FAQ

Welcome to my Frequently Asked Questions(FAQ) Page! Here I will be posting Questions submitted throught my Contact Page, Facebook, and Twitter Accounts.

 

1. Faissal Bouzada From Facebook asked: I just wonder how we can find kinds of meteorites witch dont react to magnet or to metal detector…???

  • Answer: Jodie Williams
    Ok those are called carbonaceous chondrites.They are a rare type of stony meteorite which contains large amounts of the magnesium-rich minerals olivine and serpentine and a variety of organic compounds, including amino acids. Although fewer than 100 carbonaceous chondrites are known, accounting for only about 5% of chondrite falls, they provide a … See Moregreat deal of information about the origin of the Sun and planets, and even of life itself. And like you said they are not Magnetic. The only way to hunt them is by the naked eye! First they will have to have been a freshly fallen meteorite and still have a fusion crust (easyer to I.D.). Or have lots and lots of experience (visually) with this type of meteorite. Hope this helps, I have yet to see in person myself a carbonaceous chondrite Meteorite.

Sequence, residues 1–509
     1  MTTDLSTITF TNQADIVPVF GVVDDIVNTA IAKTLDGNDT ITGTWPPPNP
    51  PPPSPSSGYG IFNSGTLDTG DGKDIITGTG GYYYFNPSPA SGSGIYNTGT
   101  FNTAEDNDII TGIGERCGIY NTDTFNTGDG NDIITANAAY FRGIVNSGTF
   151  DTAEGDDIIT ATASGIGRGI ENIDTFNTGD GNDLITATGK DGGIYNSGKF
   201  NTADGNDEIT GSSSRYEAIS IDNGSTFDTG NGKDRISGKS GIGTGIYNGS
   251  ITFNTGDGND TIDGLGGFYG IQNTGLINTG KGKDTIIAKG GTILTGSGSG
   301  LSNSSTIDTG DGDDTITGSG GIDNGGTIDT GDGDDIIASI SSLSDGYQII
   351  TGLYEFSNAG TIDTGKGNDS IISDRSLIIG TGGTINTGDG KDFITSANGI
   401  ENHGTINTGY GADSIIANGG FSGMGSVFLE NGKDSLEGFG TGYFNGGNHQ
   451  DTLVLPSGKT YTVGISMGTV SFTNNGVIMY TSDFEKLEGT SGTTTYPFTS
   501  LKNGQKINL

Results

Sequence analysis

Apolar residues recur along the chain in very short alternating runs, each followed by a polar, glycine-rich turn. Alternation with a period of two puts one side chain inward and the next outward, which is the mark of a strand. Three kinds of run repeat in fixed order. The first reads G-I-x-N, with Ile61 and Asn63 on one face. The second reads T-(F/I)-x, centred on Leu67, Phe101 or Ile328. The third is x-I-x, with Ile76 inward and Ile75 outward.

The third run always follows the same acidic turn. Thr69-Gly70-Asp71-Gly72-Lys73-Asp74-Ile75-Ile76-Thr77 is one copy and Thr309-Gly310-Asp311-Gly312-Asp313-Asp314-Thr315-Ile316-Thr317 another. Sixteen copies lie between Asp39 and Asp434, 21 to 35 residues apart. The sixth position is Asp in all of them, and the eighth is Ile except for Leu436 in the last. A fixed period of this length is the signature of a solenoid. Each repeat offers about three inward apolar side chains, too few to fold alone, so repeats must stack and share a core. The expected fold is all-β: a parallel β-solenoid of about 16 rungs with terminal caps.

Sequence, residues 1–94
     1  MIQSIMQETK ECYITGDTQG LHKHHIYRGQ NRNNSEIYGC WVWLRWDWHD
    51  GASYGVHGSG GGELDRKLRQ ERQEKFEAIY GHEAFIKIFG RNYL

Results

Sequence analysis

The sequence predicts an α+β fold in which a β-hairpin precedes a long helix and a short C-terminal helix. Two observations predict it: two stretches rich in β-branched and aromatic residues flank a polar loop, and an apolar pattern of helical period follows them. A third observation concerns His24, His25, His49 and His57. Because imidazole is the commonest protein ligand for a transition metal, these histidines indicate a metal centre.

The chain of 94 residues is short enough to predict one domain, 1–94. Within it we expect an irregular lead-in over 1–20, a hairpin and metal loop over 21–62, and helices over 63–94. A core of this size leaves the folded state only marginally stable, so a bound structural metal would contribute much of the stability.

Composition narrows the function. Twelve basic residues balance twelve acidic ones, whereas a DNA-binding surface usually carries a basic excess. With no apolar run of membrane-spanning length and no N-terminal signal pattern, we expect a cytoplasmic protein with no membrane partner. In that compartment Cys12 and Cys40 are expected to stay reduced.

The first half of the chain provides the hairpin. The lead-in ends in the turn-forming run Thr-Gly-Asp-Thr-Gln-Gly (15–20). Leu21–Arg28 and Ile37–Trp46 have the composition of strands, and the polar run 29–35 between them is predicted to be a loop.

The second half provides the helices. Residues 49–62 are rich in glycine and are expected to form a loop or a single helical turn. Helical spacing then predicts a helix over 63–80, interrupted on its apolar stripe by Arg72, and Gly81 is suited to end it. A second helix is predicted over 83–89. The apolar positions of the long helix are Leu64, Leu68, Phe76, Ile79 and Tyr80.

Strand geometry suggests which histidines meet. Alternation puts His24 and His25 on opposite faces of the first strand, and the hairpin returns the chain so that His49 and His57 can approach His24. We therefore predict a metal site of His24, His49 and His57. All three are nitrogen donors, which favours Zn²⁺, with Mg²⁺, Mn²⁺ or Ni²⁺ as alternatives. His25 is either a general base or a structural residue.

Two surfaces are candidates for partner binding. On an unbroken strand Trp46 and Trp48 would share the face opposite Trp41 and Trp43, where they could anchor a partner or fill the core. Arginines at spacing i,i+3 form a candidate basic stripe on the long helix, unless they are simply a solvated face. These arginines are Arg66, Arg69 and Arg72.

Here’s to the perfect hunt!

2. Faissal Bouzada From Facebook asked: I have had a carbonaceous chondrites but, i ask about lunars and martianns witch react very very little to magnet..the detector detect them? …

  • Answer:Jodie Williams
    I found this in an article here. http://meteorites.wustl.edu/lunar/moon_meteorites.htm
    Lunar meteorites contain a much smaller amount of metal than ordinary chondrites, so they are only very weakly magnetic. Also, they have densities similar to terrestrial rocks; they’re not heavy for their size, as are most meteorites.

    And I foud this here. http://tea.armadaproject.org/caldwell/1.5.2003.html
    It is important to remember that only certain types of meteorites can be found with a metal detector. In parcticular the ordinary chondrites, certain carbonaceous chondrites, and iron meteorites can be detected. Other carbonaceous chondrites, achondrites, lunar meteorites, and Martian meteorites do not contain enough iron metal to produce a response. Thus, there is an inherent bias in the meteorites that one can find with a metal detector.

    So sorry to say… No, you can only detect them visually.

Here’s to the perfect Hunt!